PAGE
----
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More than £2m to be spent to make Norwich tower blocks safer following Grenfell tragedy

PUBLISHED: 06:30 10 January 2018 | UPDATED: 08:37 18 January 2018

The towers in Heartsease. Pic: Colin Finch.

The towers in Heartsease. Pic: Colin Finch.

Archant © 2007

More than £2m is to be spent to improve the safety of hundreds of people living in Norwich’s tower blocks, in the wake of the Grenfell Tower fire.

Gail Harris, deputy leader of Norwich City Council. ANTONY KELLYGail Harris, deputy leader of Norwich City Council. ANTONY KELLY

Following the tragedy at the 24-storey flats in London, in which more than 70 people died, a survey of Norwich’s eight tower blocks was commissioned.

That survey, carried out by NPS Group with the support of Norfolk Fire and Rescue Service, has come up with a string of recommendations to improve safety in the towers, where there are more than 450 flats.

None of the blocks have cladding, which os believed to have contributed to the Grenfell blaze, and overall it was found the tower blocks were well maintained with “no serious concerns”.

But, for extra safety, council bosses intend to speed up improvement work which had been planned, or has already been partially completed.

That will include replacing 718 front doors and store doors at a cost of nearly £670,000, with work due to start later this month. The council says that will address almost half the issues identified.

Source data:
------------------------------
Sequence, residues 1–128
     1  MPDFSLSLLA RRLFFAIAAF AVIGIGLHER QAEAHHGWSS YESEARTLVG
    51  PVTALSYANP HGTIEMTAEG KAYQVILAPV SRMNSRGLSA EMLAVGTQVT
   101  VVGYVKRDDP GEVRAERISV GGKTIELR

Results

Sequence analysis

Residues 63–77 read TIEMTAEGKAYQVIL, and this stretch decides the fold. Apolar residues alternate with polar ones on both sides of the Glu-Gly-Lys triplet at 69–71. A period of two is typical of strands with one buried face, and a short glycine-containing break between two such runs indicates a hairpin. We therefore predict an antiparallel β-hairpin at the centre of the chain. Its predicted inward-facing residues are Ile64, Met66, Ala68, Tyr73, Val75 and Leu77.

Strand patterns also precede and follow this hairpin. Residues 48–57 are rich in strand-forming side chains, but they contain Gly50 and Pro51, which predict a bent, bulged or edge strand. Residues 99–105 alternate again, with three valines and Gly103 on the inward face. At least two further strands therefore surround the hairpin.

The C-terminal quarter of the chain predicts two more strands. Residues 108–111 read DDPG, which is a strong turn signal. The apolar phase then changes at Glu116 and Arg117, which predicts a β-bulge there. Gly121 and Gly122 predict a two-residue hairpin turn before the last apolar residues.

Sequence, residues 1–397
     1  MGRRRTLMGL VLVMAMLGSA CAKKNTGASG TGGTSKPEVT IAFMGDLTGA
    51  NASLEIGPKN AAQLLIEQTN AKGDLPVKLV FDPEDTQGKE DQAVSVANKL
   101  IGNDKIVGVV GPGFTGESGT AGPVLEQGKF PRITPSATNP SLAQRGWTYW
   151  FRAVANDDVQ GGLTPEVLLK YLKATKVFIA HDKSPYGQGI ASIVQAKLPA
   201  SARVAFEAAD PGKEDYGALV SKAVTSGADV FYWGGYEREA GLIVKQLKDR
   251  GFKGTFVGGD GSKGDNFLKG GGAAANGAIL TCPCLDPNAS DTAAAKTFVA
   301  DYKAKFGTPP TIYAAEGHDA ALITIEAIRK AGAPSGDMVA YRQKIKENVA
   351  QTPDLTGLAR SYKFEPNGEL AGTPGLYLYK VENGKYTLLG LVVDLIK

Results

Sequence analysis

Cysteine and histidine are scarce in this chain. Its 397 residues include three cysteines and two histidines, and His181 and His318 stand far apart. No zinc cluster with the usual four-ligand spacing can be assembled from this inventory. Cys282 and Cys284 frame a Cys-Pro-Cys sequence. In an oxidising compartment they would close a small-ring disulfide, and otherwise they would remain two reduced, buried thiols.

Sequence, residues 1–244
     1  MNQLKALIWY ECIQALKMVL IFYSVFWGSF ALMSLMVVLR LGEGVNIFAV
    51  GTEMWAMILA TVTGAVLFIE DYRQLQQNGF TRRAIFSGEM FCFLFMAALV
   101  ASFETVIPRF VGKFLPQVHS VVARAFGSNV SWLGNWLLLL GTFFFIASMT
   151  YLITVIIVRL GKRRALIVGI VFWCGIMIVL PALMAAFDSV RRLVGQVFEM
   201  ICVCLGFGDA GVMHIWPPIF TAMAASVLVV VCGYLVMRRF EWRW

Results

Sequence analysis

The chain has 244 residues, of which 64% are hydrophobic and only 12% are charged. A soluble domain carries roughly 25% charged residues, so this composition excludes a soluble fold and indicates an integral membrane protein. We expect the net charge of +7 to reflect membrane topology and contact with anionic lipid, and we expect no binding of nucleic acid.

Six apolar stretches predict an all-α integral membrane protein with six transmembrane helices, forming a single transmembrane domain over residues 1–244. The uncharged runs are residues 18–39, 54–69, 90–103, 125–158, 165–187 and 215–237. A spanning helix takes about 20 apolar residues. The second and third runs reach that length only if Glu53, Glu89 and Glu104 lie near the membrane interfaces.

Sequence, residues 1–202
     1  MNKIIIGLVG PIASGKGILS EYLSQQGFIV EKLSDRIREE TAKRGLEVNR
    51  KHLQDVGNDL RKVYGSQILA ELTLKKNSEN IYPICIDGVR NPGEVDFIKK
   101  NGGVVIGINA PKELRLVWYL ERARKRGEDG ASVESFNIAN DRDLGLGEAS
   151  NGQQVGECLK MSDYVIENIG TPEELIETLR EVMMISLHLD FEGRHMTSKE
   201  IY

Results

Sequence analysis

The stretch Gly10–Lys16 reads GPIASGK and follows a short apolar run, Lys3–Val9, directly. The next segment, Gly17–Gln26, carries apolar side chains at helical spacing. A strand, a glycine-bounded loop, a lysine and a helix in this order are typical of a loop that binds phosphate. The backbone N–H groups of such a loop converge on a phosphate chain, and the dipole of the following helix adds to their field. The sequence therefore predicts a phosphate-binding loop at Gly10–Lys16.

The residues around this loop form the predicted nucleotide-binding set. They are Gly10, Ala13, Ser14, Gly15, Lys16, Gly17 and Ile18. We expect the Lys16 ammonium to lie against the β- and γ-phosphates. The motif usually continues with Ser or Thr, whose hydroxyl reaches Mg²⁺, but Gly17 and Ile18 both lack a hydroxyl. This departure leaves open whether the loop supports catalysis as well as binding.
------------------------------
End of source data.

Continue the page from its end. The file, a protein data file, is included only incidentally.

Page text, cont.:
Letters were due to arrive on the doorsteps of council tenants and leaseholders in Normandie Tower in Rouen Road, Winchester Tower near Grapes Hill, Ashbourne, Burleigh and Compass in Heartsease and Aylmer, Seaman and Markham in Mile Cross today.

The council says the money will come from a budget specifically for the council’s tower blocks. They said some of the work had been under way already, but had been paused following the Grenfell tragedy.

Gail Harris, the council’s deputy leader, said: “After Grenfell, we felt, as responsible landlords, that we need to check all of our tower blocks.

“The results are in the report and we’re trying to be very open about the findings and keep residents informed.

“We are pleased that the fire service say they have no serious concerns, but have decided to make a significant investment and accelerate some of the work which we had been doing or planning.

“The doors are the most important replacement because they deal with a number of issues.”

She thanked people living in the towers for their patience while the report was drawn up and for the caretakers in the towers for their help.

What work will need to be done?

Work will start this month to replace 718 front doors and store doors in every tower block at a cost of £668,000. The new front doors will have fire proof letterboxes.

£1m is to be spent replacing wooden framed panels in

bathrooms with metal framed fixed panels and putting special sealant around ventilation ducts and waste pipes. That will be done over the next 12 months.

Other work will see improvements to dividing doors in flats, battery-powered smoke alarms replaced with hardwired ones and the removal of polystyrene ceiling tiles.

The goal is that the changes will improve what is known as “fire compartmentalisation”, whereby a fire in an individual flat can be contained for at least 30 minutes.

People will not have to move out of their flats while the work is carried out.

There will also be an education and information programme around fire safety.

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